When choosing a place to retire on a fixed income, costs matter, sure. But they're not the whole story. Safety, livability and economic stability are equally important for retirees.
Using data on more than 200 metropolitan areas across the U.S., we found the places with the cheapest living costs, in particular for health care and housing. We also looked at how states tax retirees. And, in case you find that you want or need to go back to work to boost your income, we selected economically healthy areas.
Then, to trim them further, we cut out cities with above-average crime rates, and favored those where many seniors already live. Here are three of our 10 favorite affordable places where you'd actually want to retire.
Punta Gorda, Fla.
Florida is, of course, a classic retirement destination. Besides warm weather and great beaches, the state has no income tax, estate tax or inheritance tax, and it doesn't tax Social Security or retirement income.
Punta Gorda, on the Gulf Coast just north of Fort Myers, has extra merit: 35% of its population is 65 and older -- the greatest of all 223 places we considered. And those retirees have plenty to keep them busy. The city offers 18 miles of bike paths and pedestrian trails, as well as the charms of Fishermen's Village, home to a marina, shops, seafood restaurants and free concerts.
If you have a taste for mountains, whether hiking up them or just driving through, Roanoke, Virginia could be for you. The famed Appalachian Trail passes near this small city, which has attractive living expenses to go along with the beautiful scenery. Roanoke's cost of living for retirees is below average in every category. In fact, groceries are the most affordable of the top-10 cities on this list, at 8.3% below average. Health care and housing are also very reasonable.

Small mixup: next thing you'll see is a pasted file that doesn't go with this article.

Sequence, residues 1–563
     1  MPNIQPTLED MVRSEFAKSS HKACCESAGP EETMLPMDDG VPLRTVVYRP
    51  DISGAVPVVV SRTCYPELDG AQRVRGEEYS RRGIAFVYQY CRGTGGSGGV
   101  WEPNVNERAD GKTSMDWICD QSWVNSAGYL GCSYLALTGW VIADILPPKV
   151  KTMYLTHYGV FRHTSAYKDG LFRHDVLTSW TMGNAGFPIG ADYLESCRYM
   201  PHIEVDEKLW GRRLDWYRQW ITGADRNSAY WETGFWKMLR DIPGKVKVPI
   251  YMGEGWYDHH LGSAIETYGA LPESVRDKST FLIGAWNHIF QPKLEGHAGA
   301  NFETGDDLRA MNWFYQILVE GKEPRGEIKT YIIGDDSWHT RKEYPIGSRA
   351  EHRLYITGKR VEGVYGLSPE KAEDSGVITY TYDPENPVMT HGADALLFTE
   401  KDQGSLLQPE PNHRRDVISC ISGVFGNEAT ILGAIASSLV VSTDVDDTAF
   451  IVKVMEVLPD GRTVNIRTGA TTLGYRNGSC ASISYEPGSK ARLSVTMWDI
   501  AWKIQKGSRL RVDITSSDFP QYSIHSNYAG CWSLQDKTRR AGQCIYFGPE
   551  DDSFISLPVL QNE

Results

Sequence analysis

Pittsburgh is the biggest city that made our cut, and let's be frank, the winters are brutal. But despite its Rust Belt reputation, it offers sophisticated seniors plenty of cultural attractions, including the Andy Warhol Museum, the Pittsburgh Ballet Theatre and a vibrant jazz scene.
The city is one of the safest among our top 10, and housing costs are particularly low. The median home value is $89,400 -- not even six figures. Plus, Pennsylvania's tax laws are easy on retirees; Social Security benefits and distributions from 401(k)s, IRAs, deferred-compensation plans and other eligible retirement accounts are all left alone.
If none of these retirement destinations suits your needs, see seven more of the cheapest places where you will want to retire to find a city that does.
In his former role as Senior Online Editor, David edited and wrote a wide range of content for Kiplinger.com. With more than 20 years of experience with Kiplinger, David worked on numerous Kiplinger publications, including The Kiplinger Letter and Kiplinger’s Personal Finance magazine. He co-hosted Your Money's Worth, Kiplinger's podcast and helped develop the Economic Forecasts feature.
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